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SINCE Christ intended to withdraw His bodily presence from the Church, He needed to institute other men as ministers to Himself, who should dispense the Sacraments to the faithful. Hence He committed to His disciples the consecration of His Body and Blood, saying: Do this in memory of me (Luke xxii, 19). He gave them the power of forgiving sins, according to the text: Whose sins you shall forgive, they are forgiven them (John xx, 23).10071007Interpreted of the Sacrament of Penance by the Council of Trent, Sess. 14, can. 3. He enjoined on them the function of baptising: Go, teach all nations, baptising them (Matt. xxviii, 19). Now a minister stands to his master as an instrument to a prime agent. An instrument must be proportionate to the agent: therefore the ministers of Christ must be conformable to Him. But Christ, our Lord and Master, by His own power and might worked out our salvation, inasmuch as He was both God and man. As man, He suffered for our redemption: as He was God, His suffering brought salvation to us. The ministers of Christ then must be men, and at the same time have some share in the Divinity (aliquid divinitatis participare) in point of spiritual power: for an instrument too has some share in the power of the prime agent.10081008When the Lord Lieutenant of Ireland knights a man, he may be said to ‘act as King,’ i.e., for the King. Similarly St Thomas says that what a priest knows by the confessional, he ‘knows as God’ (scit ut Deus, Sum. Theol. Supplem. q. 11, art. 5). The Christian Priesthood is a development of the Incarnation. To rail at the former is to forget the latter. Clear your mind of Nestorianism ere you attack Sacerdotalism.
Nor can it be said that this power was given to the disciples of Christ not to be transmitted to others. It was given unto edification (2 Cor. xiii, 10), to the building up of the Church, and must be perpetuated so long as the Church needs building up, that is, to the end of the world (Matt. xxviii, 20). And since spiritual effects are transmitted to us from Christ under sensible signs, this power had to be delivered to men under some such signs, — certain forms of words, definite acts, as imposition of hands, anointing, the delivery of a book or chalice, and the like.10091009One could have wished St Thomas here to have told us what he knew of any variation of Ordinal in local churches of his time; what ceremonies were comparatively recent, and what more ancient and primitive. Had any one in Paris, Rome, or Naples, an old Sacramentary or Pontifical that St Thomas could have looked into, and compared its formularies with those by which he himself was ordained? But the spirit of documentary research slumbered in the thirteenth century, except for the quest (or invention) of charters and bulls of privilege. Whenever anything spiritual is delivered under a corporeal sign, that is called a Sacrament.10101010Rather a wide definition, as it might be taken to include the institution of a clergyman to a benefice. It is usually insisted upon, as an essential note of a Sacrament, that the corporeal sign must have been ‘ordained by Christ,’ — ex institutione ipsius Christi, as St Thomas himself says (Chap. LVI ad fin.) Christ’s ordinance may have been more or less indeterminate, e.g., the imposition of hands in Ordination, an indeterminate prescription afterwards determined by the Church, adding rites and formularies, which it would be unsafe now to set aside as unessential because not primitive. Thus in the conferring of spiritual power a Sacrament is wrought, which is called the Sacrament of Order. Now it is a point of divine liberality that the bestowal of power should be accompanied with the means of duly exercising that power. But the spiritual power of administering the Sacraments requires divine grace for its convenient exercise: therefore in this Sacrament, as in other Sacraments, grace is bestowed.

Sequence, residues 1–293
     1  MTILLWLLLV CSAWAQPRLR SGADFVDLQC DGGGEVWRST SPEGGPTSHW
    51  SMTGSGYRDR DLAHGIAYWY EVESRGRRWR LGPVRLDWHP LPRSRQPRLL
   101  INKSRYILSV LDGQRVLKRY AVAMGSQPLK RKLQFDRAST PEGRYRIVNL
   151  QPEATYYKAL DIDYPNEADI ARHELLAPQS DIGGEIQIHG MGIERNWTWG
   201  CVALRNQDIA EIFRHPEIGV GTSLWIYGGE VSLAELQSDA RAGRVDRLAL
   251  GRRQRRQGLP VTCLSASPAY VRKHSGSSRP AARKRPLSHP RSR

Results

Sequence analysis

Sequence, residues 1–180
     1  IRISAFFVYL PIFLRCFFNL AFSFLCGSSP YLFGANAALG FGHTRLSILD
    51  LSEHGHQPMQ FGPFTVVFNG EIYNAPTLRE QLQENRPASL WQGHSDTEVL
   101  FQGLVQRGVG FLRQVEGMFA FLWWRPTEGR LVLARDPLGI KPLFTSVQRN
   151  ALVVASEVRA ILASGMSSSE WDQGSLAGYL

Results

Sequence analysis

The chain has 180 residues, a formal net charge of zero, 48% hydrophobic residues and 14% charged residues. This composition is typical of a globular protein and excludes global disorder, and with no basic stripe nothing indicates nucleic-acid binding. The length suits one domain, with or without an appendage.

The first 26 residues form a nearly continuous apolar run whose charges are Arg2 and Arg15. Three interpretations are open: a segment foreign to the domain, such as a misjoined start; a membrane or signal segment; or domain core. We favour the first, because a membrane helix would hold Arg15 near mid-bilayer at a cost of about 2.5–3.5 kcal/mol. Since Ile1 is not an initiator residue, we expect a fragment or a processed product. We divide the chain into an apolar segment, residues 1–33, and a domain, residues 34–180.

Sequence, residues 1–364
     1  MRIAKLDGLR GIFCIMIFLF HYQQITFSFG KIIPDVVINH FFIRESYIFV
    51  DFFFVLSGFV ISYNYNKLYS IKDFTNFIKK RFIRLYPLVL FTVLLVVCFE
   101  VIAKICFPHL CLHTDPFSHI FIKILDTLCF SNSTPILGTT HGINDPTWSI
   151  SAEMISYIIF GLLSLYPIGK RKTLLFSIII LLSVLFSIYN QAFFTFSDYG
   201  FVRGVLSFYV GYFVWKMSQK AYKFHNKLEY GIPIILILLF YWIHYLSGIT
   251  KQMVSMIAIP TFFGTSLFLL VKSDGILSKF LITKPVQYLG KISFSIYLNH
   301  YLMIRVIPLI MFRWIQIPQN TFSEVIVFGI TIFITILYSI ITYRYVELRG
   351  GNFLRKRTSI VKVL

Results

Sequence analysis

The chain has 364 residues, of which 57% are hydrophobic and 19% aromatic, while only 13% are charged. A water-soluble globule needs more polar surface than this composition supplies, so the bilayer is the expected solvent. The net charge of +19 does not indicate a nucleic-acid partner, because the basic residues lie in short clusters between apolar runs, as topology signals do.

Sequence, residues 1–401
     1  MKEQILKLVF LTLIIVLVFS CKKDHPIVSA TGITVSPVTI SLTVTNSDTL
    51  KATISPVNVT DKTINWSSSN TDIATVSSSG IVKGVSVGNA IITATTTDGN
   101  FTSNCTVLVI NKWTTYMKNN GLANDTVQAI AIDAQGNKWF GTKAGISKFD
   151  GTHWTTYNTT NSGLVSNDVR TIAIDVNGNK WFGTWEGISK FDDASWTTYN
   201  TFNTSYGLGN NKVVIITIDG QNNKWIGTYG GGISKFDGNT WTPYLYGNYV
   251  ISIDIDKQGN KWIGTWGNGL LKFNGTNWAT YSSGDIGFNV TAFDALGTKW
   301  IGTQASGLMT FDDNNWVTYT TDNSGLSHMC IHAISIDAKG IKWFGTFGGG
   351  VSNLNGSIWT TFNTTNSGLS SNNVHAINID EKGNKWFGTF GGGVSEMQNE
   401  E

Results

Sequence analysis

Among Sacraments the noblest, and that which sets the crown on the rest, is the Sacrament of the Eucharist. Therefore the power of Order must be considered chiefly in relation to this Sacrament: for everything is ruled by the end for which it is made. Now the power that gives perfection, also prepares the matter to receive it.10111011Thus the Romans legislated where they had first conquered. The sword prepared for the code. The Code Napoléon followed the wars of the Revolution. Since then the power of Order extends to the consecration of the Body of Christ and the administration of the same to the faithful, it must further extend to the rendering of the faithful fit and worthy for the reception of that Sacrament. But the believer is rendered fit and worthy by being free from sin: otherwise he cannot be united with Christ spiritually, with whom he is sacramentally united in the reception of this Sacrament.10121012The deniers of the Objective Presence deny that there is any sacramental union where, owing to sin, there is no spiritual union. According to them, Christ is not except where He is received with faith and love; and an unworthy Communion is no Communion at all. In the theology of the Catholic Church, the one Sacrament which is invalidated by an illicit reception is the Sacrament of Penance, of which the acts of the penitent are a constituent part. The power of Order therefore must extend to the remission of sins by the administration of those Sacraments which are directed to that purpose, Baptism and Penance.10131013The economy of the Sacraments belongs to the positive law of Christ; and a positive law cannot be argued a priori. A priori perhaps the power of Order should be an essential prerequisite in the minister of Baptism: in point of fact any human being can validly baptize.
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